Former Boeing 737 MAX test pilot indicted for misleading regulators


A federal court indicted Mark Forkner, a former Chief Technical Pilot for Boeing, for misleading the United States Federal Aviation Administration (FAA) during the certification process of the Boeing 737 MAX, which was involved in two crashes in 2018 and 2019, killing 346 people. 

“Forkner allegedly abused his position of trust by intentionally withholding critical information about MCAS during the FAA evaluation and certification of the 737 MAX and from Boeing’s U.S.‑based airline customers,” the United States Department of Justice explained in a statement.

The Maneuvering Characteristics Augmentation System (MCAS) flight software was designed to counteract the pitching-up effect of the MAX’s larger engines by pushing the aircraft’s nose down. The fact that the system was acting on non-redundant sensors was cited as the main factor for the crash of both Lion Air Flight 610 and Ethiopian Airlines Flight 302.

In October 2019, the FAA turned over a set of damaging emails between Forkner and the regulator to the US Congress. In an email sent in January 2017, Forkner reportedly told the agency that the company would delete a reference to MCAS from the flight operator’s manual and training course “because it is outside the normal operating envelope”. In another email to an FAA employee, dated November 2016, Forkner said he was working on “Jedi-mind tricking regulators into accepting the training that I got accepted by FAA.”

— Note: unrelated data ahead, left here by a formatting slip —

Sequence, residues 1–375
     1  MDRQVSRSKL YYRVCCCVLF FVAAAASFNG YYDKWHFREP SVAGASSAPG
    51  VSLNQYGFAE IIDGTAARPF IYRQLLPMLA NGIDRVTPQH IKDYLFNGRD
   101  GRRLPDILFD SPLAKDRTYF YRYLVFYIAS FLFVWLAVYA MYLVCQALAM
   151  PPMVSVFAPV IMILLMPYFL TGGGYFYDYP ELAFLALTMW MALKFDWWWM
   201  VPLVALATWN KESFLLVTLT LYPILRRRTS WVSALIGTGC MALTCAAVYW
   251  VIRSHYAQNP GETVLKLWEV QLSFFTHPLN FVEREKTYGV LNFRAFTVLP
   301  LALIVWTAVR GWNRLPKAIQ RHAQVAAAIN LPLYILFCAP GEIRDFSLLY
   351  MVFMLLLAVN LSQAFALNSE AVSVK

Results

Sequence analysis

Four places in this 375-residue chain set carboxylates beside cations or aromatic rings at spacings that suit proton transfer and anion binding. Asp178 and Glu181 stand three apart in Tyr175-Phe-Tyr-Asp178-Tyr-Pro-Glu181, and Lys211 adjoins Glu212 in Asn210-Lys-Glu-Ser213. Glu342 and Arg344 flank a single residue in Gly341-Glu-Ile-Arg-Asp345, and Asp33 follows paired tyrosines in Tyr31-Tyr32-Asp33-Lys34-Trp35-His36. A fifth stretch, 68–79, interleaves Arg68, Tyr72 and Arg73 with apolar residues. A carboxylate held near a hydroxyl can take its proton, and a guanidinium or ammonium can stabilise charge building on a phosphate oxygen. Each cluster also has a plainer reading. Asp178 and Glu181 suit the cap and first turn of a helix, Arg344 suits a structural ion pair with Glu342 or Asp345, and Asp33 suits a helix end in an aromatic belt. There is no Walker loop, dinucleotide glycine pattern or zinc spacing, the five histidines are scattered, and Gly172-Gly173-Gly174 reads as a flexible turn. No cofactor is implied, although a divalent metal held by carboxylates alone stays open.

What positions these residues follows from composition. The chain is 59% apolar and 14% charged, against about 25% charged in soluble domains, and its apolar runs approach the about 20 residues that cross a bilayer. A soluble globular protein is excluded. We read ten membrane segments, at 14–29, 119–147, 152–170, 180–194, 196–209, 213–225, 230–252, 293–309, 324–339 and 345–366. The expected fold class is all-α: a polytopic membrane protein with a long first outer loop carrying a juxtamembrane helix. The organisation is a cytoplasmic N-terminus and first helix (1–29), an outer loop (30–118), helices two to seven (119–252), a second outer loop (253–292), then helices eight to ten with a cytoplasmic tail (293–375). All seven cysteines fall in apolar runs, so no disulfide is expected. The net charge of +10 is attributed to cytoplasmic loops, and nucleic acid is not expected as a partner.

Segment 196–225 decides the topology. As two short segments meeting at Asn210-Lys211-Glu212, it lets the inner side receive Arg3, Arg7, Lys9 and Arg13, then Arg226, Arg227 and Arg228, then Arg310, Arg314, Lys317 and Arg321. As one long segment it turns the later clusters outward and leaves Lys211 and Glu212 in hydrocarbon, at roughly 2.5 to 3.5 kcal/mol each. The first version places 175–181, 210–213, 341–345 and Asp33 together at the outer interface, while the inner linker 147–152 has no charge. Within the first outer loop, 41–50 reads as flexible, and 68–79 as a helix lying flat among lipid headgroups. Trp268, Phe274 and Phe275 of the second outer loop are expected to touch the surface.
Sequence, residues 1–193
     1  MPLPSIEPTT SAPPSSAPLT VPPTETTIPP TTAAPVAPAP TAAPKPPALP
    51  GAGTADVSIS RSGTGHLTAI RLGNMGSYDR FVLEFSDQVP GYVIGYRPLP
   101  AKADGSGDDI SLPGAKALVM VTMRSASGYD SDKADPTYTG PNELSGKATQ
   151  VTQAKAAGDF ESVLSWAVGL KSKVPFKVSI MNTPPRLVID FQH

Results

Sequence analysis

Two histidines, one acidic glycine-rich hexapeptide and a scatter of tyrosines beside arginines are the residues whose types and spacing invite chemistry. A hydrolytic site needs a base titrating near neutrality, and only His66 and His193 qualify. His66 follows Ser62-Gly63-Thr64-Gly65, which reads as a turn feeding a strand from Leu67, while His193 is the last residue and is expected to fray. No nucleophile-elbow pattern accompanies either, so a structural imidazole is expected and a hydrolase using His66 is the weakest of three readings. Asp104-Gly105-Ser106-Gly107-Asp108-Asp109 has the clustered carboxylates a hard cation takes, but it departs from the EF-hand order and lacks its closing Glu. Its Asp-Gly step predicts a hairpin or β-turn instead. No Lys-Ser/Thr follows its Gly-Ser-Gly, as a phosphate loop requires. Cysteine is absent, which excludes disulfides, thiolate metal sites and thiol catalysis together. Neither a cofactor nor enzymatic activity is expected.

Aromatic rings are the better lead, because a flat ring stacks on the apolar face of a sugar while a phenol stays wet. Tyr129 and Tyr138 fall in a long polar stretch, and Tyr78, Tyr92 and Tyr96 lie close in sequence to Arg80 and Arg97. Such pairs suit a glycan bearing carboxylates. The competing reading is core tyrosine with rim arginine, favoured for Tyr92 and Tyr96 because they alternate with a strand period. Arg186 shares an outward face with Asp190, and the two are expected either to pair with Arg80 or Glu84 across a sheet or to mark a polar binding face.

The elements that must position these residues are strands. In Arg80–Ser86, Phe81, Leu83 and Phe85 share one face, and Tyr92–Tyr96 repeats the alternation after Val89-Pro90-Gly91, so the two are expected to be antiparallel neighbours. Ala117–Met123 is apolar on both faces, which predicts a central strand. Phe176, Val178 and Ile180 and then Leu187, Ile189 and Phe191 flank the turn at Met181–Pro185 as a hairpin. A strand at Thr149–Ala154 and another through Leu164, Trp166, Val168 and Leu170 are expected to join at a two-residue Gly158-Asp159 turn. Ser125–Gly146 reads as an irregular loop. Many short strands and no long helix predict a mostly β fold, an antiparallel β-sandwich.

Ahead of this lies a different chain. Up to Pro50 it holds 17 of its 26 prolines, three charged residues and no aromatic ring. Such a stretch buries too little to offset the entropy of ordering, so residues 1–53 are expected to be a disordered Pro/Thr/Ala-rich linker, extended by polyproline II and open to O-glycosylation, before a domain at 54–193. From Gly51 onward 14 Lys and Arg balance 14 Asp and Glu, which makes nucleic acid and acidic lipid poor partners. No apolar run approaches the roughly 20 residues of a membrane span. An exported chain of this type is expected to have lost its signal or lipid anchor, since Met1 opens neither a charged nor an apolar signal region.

The former test pilot was charged with two counts of fraud involving aircraft parts in interstate commerce and four counts of wire fraud. If convicted, he faces a maximum penalty of 20 years in prison for each count of wire fraud and 10 years for each count of fraud involving aircraft parts in interstate commerce. 

Families of victims of the Ethiopian Airlines crash reacted to the indictment through their lawyer. “The indictment today of Boeing’s former chief pilot for deceiving federal authorities about the 737 MAX is a corporate whitewash,” said Robert Clifford, lead counsel of the litigation against Boeing currently pending in federal district court in Chicago. “The tragic loss of 157 lives could have been prevented had Mark Forkner spoken up, but he certainly didn’t act alone.”

In January 2021, Boeing was charged with conspiracy for withholding information about MCAS during the certification process of the aircraft. Two employees, including Forkner, were identified as the main culprits, with the company-wide “culture of concealment” enabling them to perform the deception. The company agreed to settle the case for $2.5 billion. 


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